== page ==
HIS109Y1 Lecture Notes - Pope Leo X, Babylonian Captivity, Anti-Clericalism

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October 20, 2010
Reformation in England
- Monarch is head of the Church as well as the state
- Centralized monarchy
- Succeeded to uniting the monarchy
- Attempts to try to control the Church of England but in most part they were a part of the
Catholic Church
- Relatively secure place.
- Henry the 7th – House of the Tudor
- 1485 – Brought to the thrown a very conventional king – spent heavily on the Church
- 1500 – English Church was very confident and secure.
- England was known for their monks and religious houses being very rich.
- This enormous wealth had an effect on the English Church.
- Colin was a great performer. – got into a lot of trouble – founded a school.
- The Church was dominated by one man who doesn’t follow the highest calling – Cardinal
Wolsey
- Henry the 8th was lazy and let Wolsey to do all the work and was the king’s Chancellor.
- 1520’s England is known for its mediocrity – no great examples of virtue and goodness.
- Kind of attacks against the ecclesiastical order started to weaken the structure.
- This vast property owned by the Church were in Mortbane – (dead hand) it was in debt.
- There was negative publicity.
- 1520s - attacks against ecclesiastical order (Erasmus etc.) began to weaken the already weak-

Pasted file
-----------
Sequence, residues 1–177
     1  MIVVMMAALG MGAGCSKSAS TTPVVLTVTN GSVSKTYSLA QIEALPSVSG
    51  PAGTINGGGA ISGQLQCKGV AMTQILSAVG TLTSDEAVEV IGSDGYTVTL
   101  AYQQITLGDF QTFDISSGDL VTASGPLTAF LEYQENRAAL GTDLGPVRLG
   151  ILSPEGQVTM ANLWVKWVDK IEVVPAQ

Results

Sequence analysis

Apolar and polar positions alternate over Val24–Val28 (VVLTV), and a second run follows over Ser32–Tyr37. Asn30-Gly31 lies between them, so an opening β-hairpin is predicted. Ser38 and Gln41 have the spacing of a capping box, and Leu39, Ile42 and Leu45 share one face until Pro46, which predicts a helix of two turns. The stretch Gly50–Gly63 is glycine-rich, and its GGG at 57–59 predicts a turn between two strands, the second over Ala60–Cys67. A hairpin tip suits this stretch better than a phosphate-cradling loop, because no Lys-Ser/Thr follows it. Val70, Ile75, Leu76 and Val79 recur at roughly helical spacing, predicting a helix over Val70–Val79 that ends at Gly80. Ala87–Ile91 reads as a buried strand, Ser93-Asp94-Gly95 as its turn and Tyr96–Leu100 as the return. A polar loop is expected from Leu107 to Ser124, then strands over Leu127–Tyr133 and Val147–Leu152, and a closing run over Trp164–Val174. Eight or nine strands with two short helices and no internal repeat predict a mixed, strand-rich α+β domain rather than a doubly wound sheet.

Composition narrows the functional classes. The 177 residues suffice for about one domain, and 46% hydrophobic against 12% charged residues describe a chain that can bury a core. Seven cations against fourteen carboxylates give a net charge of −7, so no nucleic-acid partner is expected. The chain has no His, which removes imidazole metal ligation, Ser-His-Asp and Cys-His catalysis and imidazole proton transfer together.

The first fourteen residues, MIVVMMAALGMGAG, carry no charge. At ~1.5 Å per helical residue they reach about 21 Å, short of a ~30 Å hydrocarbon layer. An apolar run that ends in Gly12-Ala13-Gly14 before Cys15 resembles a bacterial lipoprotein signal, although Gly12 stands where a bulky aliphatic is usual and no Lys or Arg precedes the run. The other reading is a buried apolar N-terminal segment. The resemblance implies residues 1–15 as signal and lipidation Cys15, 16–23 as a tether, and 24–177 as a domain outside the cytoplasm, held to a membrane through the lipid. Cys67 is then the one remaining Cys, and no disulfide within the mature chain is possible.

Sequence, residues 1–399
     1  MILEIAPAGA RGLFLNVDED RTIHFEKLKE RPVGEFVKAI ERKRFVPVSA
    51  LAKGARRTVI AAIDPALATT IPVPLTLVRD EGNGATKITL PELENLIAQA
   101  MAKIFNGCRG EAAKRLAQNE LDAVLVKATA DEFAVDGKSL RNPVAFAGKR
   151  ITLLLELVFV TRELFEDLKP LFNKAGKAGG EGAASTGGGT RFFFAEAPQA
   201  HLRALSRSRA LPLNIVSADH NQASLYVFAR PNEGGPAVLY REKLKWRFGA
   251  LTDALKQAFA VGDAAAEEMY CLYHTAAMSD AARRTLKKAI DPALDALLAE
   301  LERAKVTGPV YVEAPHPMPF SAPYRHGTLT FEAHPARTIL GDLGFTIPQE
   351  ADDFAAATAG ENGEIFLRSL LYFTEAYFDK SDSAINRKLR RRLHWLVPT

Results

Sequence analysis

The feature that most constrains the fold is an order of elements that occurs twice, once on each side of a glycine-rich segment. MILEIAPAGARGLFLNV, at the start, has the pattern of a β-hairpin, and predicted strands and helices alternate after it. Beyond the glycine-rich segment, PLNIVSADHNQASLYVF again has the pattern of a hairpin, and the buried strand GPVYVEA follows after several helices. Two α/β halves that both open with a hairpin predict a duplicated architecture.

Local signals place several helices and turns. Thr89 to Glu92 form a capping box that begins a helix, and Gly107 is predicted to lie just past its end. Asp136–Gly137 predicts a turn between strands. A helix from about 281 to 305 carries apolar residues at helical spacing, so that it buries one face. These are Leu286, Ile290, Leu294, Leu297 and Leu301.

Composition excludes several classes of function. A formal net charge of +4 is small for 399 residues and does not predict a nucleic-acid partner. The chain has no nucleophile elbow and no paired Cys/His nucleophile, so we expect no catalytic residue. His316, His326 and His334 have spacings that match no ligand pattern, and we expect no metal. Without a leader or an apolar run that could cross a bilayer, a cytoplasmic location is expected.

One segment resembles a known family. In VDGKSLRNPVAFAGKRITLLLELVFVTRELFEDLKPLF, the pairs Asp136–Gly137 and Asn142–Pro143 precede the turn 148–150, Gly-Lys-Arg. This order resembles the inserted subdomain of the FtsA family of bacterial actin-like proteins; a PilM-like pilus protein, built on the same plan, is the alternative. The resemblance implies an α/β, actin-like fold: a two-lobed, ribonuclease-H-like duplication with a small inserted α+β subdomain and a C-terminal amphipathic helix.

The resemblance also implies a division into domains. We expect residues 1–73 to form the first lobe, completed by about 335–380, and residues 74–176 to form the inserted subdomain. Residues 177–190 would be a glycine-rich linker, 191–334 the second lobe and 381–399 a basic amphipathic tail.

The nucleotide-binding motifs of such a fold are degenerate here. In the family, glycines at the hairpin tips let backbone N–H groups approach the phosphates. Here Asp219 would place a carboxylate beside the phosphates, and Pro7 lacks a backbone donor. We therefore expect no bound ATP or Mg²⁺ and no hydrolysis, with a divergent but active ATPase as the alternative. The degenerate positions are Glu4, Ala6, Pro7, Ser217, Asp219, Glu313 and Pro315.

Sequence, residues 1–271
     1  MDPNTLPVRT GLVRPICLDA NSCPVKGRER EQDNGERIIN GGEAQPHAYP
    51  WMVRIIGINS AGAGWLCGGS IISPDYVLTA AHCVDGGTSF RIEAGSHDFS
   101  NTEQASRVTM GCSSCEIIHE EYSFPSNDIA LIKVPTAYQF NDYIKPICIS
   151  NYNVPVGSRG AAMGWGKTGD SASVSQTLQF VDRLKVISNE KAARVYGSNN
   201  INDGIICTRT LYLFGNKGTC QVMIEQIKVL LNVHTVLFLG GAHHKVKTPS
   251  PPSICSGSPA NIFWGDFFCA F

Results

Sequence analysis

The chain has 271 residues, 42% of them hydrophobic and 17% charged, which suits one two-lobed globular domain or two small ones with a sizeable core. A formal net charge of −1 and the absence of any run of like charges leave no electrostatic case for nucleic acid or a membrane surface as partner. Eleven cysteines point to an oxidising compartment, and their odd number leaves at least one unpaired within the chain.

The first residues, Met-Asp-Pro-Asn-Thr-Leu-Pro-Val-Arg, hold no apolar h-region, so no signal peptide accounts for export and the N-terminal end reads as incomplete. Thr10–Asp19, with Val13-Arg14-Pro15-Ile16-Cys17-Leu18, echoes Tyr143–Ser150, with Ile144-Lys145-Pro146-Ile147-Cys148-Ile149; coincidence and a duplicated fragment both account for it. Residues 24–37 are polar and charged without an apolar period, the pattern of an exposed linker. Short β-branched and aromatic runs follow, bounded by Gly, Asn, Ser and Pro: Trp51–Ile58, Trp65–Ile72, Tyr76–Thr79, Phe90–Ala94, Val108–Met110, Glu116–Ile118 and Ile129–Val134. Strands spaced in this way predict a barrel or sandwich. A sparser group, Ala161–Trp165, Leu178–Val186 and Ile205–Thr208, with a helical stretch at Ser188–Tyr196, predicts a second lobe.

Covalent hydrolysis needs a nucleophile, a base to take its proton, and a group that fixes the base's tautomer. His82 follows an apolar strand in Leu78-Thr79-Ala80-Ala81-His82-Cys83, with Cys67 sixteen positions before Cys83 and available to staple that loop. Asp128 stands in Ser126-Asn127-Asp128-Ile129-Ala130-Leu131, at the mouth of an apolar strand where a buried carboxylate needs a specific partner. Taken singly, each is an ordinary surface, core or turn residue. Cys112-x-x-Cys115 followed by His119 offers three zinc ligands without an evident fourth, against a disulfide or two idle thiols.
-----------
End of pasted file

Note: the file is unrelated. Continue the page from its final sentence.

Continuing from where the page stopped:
ened structure
- Vast property owned by church - once property had been acquired by church, you can’t get it
back
- Rising nobility - wanted more land, but church owned it
- Printing - Erasmus and other people’s works made these ideas spread more quickly
- People were also more aware of what was going on (i.e. Corruption)
- Role of pope in England = suspicion
- Babylonian captivity - put papacy under control of French; seemed like English taxation was
used to fight the English during 100 Years’ War (not true, but it made people suspect the Pope be-
cause they thought there was a bit of French in him)
- Church courts: papal system - had own courts etc
- Canon law = everywhere (almost everything in life had something to do with it); took a long
time to get stuff done – canon law was everywhere – so expensive and took so long, the people
that had to deal with it hated it
-Ideas which drove people who were very difficult began to question the things that everybody
took for granted.
- 1511: Richard Honey
- Part of group with mistrust for clergy
- Was charged by priest for having to bury his dead baby
- Richard got angry and hit the priest
- Priest had Richard arrested
- Richard was found the next morning dead (strangled)
- The only people who had access to him was the CHURCH
- Case of Richard Honey = universal
- Anti-clericalism - reached a climax with Martin Luthers revolt (~1520)
- Difficult to stop it - his ideas were very popular
- King (Henry VIII) was not happy
- He wrote a document defending the Church, saying Luther was wrong
- Pope Leo X gave Henry VIII a title for it (protector of the faith)